I want to highlight an interesting letter that James Buchanan wrote about a week after President Abraham Lincoln’s Inauguration on March 4, 1861. Despite four “stormy and turbulent” years in the White House, Buchanan told New York Herald editor James Bennett that ultimately “[his] administration [had] been eminently successful in its foreign & domestic policy.” Seven southern states seceded before he left office, but Buchanan believed that the crisis was unavoidable. “No human wisdom could have prevented” the “sad events [that had] recently occurred,” as Buchanan explained. Whether the Civil War was inevitable has been the subject of debate ever since, but most historians criticize his response to the secession crisis. (Historians who participated in CSPAN’s 2009 Presidential Leadership Survey ranked Buchanan as the worst Chief Executive).Yet perhaps the most interesting part of this letter is Buchanan’s confident stance about how “the public & posterity [would] judge” him. “I feel conscious that I have done my duty…& that I shall at last receive justice,” as Buchanan wrote.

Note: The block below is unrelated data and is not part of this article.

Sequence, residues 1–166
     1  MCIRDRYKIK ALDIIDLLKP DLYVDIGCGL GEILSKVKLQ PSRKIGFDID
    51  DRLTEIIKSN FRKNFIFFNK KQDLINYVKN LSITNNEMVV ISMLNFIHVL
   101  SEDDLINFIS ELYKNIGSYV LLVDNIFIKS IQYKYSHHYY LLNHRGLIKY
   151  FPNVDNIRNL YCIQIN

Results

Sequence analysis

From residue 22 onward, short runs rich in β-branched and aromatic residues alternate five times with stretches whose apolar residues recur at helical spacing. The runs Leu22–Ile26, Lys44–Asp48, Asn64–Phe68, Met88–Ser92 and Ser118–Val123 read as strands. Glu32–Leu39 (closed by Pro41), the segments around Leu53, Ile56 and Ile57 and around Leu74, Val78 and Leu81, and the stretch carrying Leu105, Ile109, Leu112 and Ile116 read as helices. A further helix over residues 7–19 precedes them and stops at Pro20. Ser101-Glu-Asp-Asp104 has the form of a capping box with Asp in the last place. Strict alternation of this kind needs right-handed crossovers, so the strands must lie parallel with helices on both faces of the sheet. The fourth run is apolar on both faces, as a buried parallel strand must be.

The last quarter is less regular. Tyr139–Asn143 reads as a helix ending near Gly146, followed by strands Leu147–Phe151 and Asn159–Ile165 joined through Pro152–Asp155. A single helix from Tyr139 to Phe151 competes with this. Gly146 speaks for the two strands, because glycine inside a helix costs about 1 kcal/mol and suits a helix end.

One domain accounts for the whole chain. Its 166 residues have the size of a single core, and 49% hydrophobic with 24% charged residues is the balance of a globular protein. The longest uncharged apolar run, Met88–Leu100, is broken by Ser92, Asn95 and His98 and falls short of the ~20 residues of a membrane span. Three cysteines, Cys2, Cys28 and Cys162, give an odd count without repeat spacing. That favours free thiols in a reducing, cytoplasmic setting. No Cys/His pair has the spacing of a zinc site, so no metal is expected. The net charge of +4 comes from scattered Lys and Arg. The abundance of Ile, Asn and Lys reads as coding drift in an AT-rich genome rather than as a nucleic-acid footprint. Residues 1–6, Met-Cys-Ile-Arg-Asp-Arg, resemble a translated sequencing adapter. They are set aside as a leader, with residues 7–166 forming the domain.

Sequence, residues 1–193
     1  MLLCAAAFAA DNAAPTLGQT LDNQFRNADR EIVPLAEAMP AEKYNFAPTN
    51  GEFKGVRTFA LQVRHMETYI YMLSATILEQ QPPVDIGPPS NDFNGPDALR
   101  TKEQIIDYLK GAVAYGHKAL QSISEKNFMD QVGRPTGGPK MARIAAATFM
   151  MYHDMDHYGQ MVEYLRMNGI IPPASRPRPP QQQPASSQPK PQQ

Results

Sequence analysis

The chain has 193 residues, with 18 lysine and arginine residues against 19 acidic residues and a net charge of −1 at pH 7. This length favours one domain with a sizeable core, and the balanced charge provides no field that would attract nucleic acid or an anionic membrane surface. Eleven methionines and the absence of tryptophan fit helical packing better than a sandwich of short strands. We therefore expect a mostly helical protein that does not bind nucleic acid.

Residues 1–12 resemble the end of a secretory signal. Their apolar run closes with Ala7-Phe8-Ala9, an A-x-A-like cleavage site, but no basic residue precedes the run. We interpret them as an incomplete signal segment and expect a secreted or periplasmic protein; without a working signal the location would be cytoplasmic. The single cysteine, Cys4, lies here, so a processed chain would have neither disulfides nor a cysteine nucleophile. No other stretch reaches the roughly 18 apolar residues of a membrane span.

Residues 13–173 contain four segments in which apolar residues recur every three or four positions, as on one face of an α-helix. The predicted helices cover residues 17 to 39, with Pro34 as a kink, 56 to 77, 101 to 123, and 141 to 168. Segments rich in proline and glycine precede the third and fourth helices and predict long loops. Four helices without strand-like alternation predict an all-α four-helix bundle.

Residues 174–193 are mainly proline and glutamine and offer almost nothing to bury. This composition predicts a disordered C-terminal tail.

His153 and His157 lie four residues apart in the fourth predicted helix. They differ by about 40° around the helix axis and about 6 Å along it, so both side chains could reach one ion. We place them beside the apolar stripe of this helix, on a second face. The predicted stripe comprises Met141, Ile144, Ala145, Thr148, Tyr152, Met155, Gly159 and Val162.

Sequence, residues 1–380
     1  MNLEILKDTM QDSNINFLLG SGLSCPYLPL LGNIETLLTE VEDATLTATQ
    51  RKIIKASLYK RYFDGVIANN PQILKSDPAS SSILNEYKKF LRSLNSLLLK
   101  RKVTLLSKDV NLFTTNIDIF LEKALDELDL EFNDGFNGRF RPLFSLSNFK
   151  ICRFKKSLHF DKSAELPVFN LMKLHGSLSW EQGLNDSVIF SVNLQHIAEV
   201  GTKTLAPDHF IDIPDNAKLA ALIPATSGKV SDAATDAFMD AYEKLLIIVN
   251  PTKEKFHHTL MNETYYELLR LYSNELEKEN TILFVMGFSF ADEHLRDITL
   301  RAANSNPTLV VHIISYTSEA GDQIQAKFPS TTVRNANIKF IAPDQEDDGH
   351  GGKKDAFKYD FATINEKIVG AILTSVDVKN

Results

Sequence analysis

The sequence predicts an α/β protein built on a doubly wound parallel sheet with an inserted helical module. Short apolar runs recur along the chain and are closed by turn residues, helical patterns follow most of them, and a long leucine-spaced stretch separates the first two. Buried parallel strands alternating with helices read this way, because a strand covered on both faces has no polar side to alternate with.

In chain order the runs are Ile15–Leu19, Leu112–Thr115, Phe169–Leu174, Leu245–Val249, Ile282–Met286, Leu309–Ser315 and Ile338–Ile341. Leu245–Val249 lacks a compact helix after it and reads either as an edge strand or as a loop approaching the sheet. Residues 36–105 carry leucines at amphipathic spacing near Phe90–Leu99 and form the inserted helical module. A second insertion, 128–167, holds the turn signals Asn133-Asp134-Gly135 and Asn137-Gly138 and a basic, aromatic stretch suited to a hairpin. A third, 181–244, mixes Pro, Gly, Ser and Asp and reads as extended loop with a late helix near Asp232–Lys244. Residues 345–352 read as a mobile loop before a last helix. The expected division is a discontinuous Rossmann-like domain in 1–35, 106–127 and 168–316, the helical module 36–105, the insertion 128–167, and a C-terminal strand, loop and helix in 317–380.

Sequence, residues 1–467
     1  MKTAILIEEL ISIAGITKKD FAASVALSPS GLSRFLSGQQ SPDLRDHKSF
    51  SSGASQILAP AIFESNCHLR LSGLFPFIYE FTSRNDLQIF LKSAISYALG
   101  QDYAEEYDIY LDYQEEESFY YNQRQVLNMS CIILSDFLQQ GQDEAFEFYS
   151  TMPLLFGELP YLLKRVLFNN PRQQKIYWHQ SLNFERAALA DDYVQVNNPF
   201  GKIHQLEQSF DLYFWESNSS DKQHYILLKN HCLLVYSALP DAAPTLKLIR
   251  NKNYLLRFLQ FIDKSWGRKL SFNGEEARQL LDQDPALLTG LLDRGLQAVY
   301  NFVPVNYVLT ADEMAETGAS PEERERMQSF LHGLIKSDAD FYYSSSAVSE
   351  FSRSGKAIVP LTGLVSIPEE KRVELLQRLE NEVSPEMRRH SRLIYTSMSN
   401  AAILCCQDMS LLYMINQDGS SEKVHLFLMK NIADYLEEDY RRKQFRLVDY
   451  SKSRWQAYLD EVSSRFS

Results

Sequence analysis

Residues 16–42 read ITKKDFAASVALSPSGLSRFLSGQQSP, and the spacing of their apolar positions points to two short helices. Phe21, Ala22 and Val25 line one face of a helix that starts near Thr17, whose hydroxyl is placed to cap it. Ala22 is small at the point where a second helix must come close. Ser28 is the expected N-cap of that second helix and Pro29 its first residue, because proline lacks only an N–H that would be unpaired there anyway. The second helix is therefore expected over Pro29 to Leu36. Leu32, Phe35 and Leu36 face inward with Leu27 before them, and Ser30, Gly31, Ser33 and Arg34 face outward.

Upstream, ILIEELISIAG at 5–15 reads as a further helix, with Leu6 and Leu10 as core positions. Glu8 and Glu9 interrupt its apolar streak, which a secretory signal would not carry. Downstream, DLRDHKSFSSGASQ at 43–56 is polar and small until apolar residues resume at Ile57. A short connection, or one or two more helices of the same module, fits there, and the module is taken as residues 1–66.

Buchanan also defended his role during the secession crisis in Mr. Buchanan’s Administration on the Eve of the Rebellion (1866), which you can access through Their Own Words.